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How to improve your mental wellbeing during COVID-19 (Includes interview)

People walk past a graffito reading: "Covid(19) knows no borders
People walk past a graffito reading: "Covid(19) knows no borders

The pandemic has opened up diverse and alternative career options for some people while, at the same time, closing down options for others. This transformation has occurred as some jobs have been lost and it stands that certain roles might never return to the same levels of occupational population as before. According to a recent study conducted by Woke Hero, 41 percent of people in the U.S. are unhappy with their current career status or financial goals (as reported in Business Insider). This is perhaps not surprising given economic consequences of the coronavirus pandemic.

A greater in-depth review of the findings shows that not only are people unhappy (or rather some are ‘unhappier’ in past twelve months) they are concerned about the future.

On the positive side, the survey indicated that people feel confident in their jobs. In terms of interactions with their co-workers. 74 percent report feeling confident when interacting with colleagues. In addition, 68 percent feel they can speak openly and honestly with their boss.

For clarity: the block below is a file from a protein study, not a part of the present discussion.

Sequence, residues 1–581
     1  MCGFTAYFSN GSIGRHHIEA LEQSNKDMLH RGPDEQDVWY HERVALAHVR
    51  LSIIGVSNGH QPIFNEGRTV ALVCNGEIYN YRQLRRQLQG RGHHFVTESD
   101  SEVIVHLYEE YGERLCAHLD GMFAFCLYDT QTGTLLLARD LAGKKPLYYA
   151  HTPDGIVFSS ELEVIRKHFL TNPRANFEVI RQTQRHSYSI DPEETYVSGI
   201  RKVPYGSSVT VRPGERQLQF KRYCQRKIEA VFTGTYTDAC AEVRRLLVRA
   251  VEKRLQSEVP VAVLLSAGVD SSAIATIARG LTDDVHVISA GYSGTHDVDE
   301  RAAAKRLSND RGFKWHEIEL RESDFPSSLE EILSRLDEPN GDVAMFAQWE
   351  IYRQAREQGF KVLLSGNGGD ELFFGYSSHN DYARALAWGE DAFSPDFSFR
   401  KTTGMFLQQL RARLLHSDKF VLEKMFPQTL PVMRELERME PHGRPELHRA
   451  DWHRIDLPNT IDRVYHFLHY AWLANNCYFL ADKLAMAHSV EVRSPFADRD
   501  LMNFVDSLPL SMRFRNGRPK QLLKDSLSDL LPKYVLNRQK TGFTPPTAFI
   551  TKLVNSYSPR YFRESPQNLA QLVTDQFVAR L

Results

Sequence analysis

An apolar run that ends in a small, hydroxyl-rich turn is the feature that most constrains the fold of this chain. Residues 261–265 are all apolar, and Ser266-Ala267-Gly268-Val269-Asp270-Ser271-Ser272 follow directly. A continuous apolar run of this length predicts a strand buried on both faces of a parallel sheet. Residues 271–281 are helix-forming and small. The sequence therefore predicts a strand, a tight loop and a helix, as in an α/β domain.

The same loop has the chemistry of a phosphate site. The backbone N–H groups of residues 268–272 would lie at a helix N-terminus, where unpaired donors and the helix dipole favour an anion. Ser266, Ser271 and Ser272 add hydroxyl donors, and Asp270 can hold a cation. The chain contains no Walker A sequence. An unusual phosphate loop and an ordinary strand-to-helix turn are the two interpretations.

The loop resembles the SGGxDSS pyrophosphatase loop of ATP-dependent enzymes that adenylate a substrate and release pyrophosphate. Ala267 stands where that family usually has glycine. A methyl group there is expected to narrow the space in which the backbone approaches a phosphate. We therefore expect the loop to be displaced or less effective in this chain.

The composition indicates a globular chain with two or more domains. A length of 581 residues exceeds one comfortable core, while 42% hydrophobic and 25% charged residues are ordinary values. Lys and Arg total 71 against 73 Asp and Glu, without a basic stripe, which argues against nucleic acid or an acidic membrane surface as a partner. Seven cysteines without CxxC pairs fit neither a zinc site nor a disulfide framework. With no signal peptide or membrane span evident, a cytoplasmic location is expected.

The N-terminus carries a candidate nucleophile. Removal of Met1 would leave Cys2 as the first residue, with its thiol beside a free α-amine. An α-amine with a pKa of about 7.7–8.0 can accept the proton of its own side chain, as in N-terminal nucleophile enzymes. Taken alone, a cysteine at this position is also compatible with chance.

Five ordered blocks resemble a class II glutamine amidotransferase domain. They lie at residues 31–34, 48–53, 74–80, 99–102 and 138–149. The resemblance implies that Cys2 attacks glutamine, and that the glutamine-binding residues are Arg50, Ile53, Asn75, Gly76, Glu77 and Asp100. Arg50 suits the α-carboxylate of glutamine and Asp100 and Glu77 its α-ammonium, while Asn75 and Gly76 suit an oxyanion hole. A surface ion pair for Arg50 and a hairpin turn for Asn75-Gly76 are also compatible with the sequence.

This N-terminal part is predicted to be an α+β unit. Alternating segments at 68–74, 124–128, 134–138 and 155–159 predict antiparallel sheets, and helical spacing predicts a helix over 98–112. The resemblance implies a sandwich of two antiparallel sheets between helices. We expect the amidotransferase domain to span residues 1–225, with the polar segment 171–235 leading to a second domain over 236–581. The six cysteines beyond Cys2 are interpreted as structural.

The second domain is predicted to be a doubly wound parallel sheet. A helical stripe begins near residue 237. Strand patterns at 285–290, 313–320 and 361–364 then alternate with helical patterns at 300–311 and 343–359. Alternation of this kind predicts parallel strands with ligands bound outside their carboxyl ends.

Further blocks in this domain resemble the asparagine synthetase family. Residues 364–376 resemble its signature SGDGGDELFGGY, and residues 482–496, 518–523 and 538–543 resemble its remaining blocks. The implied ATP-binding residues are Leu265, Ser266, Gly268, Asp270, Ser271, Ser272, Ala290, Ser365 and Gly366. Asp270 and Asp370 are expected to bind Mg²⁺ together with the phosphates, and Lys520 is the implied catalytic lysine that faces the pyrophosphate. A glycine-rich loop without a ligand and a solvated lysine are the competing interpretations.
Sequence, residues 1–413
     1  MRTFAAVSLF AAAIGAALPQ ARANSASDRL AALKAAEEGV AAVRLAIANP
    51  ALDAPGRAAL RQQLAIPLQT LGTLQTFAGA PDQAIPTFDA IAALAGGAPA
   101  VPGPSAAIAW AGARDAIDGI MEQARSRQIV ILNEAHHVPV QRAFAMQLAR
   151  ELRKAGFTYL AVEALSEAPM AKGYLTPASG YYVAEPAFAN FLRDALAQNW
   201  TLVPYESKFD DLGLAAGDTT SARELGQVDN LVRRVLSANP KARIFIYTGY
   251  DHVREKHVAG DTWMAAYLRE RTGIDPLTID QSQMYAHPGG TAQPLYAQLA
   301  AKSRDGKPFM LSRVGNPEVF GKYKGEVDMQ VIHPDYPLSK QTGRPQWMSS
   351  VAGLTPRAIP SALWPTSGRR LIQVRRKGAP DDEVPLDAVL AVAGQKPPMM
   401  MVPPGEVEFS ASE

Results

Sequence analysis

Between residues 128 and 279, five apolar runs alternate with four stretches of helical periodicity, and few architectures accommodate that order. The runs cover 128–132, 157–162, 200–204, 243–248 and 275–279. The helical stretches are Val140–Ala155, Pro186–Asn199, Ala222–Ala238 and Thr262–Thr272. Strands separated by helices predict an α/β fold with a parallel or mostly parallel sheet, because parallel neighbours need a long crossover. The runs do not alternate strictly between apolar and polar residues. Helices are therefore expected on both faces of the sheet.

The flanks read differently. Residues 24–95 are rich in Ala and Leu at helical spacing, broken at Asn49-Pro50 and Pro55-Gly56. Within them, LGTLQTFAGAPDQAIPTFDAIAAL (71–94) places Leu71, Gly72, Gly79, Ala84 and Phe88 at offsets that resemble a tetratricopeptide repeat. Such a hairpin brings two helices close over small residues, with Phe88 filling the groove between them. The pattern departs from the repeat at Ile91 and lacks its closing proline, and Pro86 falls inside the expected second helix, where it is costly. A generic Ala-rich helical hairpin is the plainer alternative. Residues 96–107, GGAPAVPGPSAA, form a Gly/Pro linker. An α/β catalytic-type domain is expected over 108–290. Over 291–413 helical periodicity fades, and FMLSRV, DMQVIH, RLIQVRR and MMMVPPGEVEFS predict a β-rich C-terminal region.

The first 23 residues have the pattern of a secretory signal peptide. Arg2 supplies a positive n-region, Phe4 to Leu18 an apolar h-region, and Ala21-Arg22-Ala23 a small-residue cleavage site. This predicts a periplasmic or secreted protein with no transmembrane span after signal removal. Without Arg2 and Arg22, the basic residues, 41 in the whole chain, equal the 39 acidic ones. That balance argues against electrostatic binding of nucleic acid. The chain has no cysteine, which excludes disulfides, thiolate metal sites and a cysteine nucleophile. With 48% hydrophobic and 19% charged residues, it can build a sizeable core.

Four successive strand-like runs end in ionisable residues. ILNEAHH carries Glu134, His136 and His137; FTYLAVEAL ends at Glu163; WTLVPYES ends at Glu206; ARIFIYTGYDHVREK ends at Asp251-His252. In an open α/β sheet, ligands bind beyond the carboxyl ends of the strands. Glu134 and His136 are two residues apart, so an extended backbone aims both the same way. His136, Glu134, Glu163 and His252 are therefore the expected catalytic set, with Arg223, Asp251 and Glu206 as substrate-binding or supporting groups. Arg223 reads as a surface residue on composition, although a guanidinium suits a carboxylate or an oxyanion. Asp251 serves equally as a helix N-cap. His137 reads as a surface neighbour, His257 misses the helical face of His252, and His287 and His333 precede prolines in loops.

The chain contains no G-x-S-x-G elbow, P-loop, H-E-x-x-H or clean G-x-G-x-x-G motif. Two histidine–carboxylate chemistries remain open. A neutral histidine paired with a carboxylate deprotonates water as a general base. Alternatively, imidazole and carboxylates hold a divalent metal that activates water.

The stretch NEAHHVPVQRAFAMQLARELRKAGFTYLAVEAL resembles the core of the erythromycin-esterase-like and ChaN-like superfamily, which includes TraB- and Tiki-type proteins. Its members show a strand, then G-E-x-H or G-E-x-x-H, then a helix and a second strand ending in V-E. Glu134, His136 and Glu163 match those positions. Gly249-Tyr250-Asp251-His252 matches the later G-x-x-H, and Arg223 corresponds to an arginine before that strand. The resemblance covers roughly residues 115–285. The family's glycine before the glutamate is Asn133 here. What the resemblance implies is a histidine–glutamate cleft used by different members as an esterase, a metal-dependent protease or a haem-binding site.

Probing the general state of unhappiness expressed in the survey, Avantika Dixit, who is a Clinical Psychologist and founder of the advocacy bodyWoke Hero believes people can reach their goals more quickly than they expect, and it has to do a lot with their current mind set. The psychologist thinks that the roots of some feelings of unhappiness can be altered.

Dixit says explains to Digital Journal: “The science of happiness, termed Positive Psychology, has determined that optimism, gratitude and resilience are the most consistent predictors of high performance and success outcomes across lifecycle. Most hearteningly, while these may be natural traits of some individuals, these have found to be learnable skills rather than something you either have or do not have.”

The psychologist adds: “Evolution has created a negativity bias due to which means more people have their “wrong finder” turned on most of the time.”

This can be challenged, however. Dixit states that we should be re-learning how to think positively and to train the brain to look at things more optimistically.

This means, Dixit finds, that individuals can be divided into different categories based on how they chose to look at life. By this, she divides the population as: “People who focus on their inspiration and aspiration goals also often focus on the solutions to reaching those goals, whereas those who focus on their lack of results tend to focus on the problem.”

As to how to get there, Dixit recommends considering: “A small shift in mindset with what is called learned optimism and gratitude practices pays dividends. These practices can help people to find ways to reach their goals more quickly.”

Written By

Dr. Tim Sandle is Digital Journal's Editor-at-Large for science news. Tim specializes in science, technology, environmental, and health journalism. He is additionally a practising microbiologist; and an author. He is also interested in history, politics and current affairs.

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